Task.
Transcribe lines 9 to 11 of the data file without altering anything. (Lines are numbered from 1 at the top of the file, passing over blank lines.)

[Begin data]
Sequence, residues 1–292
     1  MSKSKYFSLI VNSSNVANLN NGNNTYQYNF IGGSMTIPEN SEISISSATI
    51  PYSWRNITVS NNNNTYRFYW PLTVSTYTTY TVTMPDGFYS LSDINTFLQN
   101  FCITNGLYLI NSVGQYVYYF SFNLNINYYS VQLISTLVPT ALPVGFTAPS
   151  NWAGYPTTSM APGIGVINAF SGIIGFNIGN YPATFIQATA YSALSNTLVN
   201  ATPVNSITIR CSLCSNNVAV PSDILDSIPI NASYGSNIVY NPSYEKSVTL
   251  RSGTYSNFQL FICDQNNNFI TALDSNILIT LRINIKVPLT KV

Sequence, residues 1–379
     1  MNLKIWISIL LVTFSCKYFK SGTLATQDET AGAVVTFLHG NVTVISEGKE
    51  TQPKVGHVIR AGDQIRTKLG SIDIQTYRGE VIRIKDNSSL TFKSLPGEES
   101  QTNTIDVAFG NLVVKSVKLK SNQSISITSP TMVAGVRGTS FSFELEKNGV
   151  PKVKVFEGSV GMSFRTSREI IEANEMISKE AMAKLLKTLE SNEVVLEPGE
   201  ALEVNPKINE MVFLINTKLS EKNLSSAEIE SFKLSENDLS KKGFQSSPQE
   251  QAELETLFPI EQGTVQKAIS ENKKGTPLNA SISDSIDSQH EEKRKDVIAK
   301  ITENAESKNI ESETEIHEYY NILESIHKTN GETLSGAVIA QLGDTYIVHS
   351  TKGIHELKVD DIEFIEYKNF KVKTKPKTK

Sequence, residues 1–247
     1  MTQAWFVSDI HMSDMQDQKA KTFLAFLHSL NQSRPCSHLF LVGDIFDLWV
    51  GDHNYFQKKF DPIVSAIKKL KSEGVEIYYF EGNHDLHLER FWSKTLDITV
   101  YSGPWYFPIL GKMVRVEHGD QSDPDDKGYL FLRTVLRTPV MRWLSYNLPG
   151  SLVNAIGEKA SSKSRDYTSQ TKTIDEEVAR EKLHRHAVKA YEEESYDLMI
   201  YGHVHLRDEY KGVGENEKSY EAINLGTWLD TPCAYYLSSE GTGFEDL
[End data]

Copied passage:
     1  MNLKIWISIL LVTFSCKYFK SGTLATQDET AGAVVTFLHG NVTVISEGKE
    51  TQPKVGHVIR AGDQIRTKLG SIDIQTYRGE VIRIKDNSSL TFKSLPGEES
   101  QTNTIDVAFG NLVVKSVKLK SNQSISITSP TMVAGVRGTS FSFELEKNGV